Quantitative morphometry was performed by counting the total number of mitochondria and the total number of crystal-containing mitochondria from ×10,000 TEM negatives taken at the center of each of the counted grid spaces as described (Fig. 2).12 Quantitative examination of the TEM grids was performed by experienced electron microscopists at the Oswaldo Cruz Foundation (L. A. R. F., M. L. V. M.) who were blinded to the temperature condition. Working in a raster from the upper left corner of the TEM grid, one 10K negative was taken from the center of each of the first 12 grid holes, which were fully covered by liver tissue. Grid holes only partially covered by liver tissue were omitted. Each high-resolution image represented 70 μm2 at a magnification of ×10,000. The total area of liver examined at each temperature was as follows: 37°C; 13,440 μm2 (16 grids, 192 grid areas); 21°C; 12,600 μm2 (15 grids, 180 grid areas); 4°C; 13,160 μm2 (16 grids, 188 grid areas). The study was approved by the University of Virginia Internal Review Board and by the Oswaldo Cruz Foundation. Biopsy material specifically intended for research was obtained under separate informed consent at the time of the biopsy for each patient.
In order to test the statistical significance of quantitative morphometry, randomization tests based on Monte Carlo resampling routines (MCRRs) were conducted to compare, in global and pairwise fashion, the frequencies of IMCs under the three different specimen fixation temperature conditions.23, 24 Data analyses were conducted at both the within-subject level and at the group level using the Fisher's exact test to combine independent P values so that inference could be drawn at the group level.25 The within-subject analyses were designed to determine whether the observed frequencies of IMCs under the three different fixation temperature conditions would be expected if there was no association between the frequency of IMCs and the specimen fixation temperature. The statistical package S-plus 7.0 (Insightful Corp., Seattle, WA) was used to conduct the randomization tests. The analytical details related to the MCRRs are presented in the accompanying appendix.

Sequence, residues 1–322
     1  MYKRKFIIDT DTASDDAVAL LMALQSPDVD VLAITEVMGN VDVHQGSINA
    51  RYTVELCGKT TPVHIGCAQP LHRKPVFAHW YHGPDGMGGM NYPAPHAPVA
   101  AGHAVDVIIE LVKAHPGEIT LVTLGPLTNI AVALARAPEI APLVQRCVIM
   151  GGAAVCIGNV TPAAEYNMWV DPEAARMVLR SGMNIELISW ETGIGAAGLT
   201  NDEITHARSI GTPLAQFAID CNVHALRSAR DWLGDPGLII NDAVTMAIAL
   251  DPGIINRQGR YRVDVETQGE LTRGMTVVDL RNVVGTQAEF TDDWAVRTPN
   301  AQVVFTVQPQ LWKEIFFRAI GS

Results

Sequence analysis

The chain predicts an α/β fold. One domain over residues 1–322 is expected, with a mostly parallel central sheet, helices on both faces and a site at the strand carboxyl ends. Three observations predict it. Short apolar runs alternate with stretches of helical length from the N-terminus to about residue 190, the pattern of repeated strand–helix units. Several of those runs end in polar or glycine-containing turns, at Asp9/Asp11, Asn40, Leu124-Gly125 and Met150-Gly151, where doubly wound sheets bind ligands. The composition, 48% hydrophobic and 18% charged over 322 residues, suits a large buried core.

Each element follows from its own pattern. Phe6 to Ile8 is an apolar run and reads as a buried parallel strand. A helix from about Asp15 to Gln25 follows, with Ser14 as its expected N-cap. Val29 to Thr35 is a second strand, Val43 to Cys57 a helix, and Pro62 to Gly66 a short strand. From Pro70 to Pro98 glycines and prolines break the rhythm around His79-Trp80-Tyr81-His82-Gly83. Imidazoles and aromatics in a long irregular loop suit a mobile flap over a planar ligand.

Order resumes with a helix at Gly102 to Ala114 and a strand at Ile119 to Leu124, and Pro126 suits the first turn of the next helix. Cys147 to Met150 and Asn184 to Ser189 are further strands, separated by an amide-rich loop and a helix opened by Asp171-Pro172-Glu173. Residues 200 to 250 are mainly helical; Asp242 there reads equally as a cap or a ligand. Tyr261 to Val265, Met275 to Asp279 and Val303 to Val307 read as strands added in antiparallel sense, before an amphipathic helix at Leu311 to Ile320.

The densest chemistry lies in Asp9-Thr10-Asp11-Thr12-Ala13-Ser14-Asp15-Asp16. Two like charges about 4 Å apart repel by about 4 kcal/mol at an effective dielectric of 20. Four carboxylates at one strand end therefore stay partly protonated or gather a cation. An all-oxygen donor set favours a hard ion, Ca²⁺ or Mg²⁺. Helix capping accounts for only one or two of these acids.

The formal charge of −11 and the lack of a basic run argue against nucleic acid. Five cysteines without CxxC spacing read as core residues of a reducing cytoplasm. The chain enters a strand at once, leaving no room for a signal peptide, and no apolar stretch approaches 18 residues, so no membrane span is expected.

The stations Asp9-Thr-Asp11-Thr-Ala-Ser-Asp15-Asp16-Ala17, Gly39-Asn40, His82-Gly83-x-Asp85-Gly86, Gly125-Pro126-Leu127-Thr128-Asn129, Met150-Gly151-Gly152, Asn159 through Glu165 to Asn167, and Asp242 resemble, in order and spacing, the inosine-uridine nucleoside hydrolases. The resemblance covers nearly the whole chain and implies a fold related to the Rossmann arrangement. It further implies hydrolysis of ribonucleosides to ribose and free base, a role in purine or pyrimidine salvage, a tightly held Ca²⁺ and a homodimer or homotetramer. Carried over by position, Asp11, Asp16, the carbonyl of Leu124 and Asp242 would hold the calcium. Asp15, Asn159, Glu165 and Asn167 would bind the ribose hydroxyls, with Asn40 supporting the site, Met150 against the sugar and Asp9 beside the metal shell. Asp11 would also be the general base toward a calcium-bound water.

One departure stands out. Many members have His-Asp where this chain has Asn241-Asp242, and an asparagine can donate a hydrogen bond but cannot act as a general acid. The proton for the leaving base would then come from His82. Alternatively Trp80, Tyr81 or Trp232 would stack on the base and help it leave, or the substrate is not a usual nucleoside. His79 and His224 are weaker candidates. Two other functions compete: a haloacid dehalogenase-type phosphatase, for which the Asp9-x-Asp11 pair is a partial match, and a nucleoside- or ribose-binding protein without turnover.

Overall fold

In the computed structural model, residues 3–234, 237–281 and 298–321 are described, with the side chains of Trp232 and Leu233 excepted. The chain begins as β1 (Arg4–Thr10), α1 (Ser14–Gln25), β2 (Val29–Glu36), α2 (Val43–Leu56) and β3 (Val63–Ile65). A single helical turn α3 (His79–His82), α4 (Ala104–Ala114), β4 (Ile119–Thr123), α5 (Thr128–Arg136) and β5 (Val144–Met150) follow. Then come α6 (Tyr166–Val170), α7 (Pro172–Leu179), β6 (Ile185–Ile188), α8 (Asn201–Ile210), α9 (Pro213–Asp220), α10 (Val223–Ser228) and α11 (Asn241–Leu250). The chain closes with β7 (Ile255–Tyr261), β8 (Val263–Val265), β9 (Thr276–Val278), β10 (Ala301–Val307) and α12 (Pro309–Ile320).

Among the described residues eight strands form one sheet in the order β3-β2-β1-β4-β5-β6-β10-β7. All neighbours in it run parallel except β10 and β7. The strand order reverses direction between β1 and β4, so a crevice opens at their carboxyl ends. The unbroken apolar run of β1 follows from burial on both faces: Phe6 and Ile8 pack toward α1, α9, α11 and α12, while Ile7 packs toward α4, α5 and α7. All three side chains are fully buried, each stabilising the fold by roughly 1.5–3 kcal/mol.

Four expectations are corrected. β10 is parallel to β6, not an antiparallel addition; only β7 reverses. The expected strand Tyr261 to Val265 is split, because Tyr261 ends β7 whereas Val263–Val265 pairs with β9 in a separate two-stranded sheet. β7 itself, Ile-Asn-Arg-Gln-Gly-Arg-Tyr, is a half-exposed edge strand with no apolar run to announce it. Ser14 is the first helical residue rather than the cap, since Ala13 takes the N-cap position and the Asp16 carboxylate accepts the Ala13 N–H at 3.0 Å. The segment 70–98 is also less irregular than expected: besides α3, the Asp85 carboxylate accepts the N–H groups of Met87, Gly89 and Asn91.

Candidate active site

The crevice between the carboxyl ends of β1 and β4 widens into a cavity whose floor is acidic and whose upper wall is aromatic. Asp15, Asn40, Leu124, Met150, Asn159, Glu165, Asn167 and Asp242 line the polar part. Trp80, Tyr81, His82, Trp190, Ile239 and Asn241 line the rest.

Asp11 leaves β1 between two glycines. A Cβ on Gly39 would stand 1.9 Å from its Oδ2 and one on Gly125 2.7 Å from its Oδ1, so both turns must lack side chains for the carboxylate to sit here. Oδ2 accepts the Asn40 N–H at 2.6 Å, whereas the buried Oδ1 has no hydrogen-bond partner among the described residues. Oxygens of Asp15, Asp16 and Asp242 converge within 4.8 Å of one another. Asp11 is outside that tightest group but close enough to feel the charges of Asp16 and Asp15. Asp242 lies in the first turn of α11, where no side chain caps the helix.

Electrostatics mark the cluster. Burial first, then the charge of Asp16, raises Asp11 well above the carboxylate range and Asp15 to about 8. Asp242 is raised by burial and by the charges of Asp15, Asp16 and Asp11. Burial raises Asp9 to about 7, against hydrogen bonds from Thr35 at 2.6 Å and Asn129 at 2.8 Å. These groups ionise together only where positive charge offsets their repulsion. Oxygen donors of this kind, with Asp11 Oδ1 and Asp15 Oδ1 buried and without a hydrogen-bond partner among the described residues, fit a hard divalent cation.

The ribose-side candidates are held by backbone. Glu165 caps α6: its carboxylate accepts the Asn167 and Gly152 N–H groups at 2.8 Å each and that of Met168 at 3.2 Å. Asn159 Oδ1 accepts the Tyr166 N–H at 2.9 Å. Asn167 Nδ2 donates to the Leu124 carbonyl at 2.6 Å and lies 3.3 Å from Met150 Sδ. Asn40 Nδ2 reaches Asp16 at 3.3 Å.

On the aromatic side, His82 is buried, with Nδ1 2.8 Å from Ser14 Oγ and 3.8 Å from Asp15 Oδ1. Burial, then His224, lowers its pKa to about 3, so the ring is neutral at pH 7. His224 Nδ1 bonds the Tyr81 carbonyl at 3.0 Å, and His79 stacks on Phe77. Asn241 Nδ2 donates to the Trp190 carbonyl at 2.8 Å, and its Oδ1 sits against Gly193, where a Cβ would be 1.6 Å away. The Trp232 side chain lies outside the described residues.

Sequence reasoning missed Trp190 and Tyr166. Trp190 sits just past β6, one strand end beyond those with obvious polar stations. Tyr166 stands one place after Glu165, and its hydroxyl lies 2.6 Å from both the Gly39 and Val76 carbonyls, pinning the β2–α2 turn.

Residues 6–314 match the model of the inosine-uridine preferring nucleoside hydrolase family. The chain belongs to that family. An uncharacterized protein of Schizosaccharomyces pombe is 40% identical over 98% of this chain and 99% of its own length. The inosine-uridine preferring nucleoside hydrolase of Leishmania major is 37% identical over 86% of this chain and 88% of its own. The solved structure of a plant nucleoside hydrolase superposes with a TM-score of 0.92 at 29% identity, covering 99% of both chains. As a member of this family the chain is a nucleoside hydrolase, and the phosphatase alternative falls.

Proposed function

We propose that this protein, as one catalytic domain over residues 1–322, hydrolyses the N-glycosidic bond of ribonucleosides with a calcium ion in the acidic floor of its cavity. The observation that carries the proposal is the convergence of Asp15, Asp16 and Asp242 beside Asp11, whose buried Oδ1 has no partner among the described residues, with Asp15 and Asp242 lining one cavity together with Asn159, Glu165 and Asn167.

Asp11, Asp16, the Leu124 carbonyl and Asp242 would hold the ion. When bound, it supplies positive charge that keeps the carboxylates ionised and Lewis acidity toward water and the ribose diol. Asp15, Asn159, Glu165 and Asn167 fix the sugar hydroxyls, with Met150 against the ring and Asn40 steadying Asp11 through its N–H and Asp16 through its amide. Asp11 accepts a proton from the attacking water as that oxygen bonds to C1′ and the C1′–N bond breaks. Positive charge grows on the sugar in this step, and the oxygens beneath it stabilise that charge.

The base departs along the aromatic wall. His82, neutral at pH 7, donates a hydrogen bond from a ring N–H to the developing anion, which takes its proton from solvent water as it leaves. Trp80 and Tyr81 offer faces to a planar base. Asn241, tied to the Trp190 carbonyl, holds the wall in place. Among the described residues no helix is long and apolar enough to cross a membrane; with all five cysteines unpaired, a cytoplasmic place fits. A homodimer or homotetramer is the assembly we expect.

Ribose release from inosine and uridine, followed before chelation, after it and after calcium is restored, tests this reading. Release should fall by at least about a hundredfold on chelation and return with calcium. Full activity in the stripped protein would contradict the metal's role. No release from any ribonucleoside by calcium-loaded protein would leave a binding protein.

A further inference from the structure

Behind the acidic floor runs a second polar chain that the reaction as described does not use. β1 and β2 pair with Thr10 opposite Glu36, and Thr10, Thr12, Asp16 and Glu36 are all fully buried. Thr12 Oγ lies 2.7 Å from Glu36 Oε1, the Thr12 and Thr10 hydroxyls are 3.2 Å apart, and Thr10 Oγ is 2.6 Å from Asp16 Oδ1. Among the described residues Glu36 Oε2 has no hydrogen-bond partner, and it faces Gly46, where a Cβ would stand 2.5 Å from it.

Light microscopic examination of the routinely processed formalin-fixed biopsy cores confirmed the presence of histological steatohepatitis in all cases defined as >5% steatosis, cellular ballooning, inflammation, and fibrosis and scored according to Kleiner et al. (Table 1). After unblinding of the coded TEM specimens, there was no difference in the quality of tissue preservation or the total number of counted mitochondria between conditions of fixation or between patients. However, a stepwise decline was evident in each case in the percentage of mitochondria with crystals from warm to ambient to cool temperature fixation (Table 2 and Fig. 3). Overall, the percentage of crystal containing mitochondria was 15.4 ± 13.0 versus 6.4 ± 5.9 versus 2.9 ± 2.8 with warm (37°C), ambient (21°C), and cold (4°C) fixation, respectively. The randomization tests showed that the distribution of the percentage of mitochondria with crystals was strongly influenced by the fixation temperature for all patients (P < 0.0001). Examining each patient individually, the percentage of mitochondria with crystals remained strongly and significantly greater with warm (37°C C) fixation. These results are shown in Table 2 and Fig. 3.